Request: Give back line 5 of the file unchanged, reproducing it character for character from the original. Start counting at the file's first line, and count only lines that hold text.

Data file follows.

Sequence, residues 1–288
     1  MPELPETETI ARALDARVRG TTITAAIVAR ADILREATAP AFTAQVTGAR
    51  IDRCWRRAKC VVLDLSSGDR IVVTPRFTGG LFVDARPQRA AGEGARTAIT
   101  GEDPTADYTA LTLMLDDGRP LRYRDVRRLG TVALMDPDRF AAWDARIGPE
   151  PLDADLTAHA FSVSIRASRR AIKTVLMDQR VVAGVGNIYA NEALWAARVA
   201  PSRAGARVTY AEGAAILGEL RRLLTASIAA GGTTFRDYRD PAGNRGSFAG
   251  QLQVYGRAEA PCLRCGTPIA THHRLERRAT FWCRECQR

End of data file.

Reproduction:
   151  PLDADLTAHA FSVSIRASRR AIKTVLMDQR VVAGVGNIYA NEALWAARVA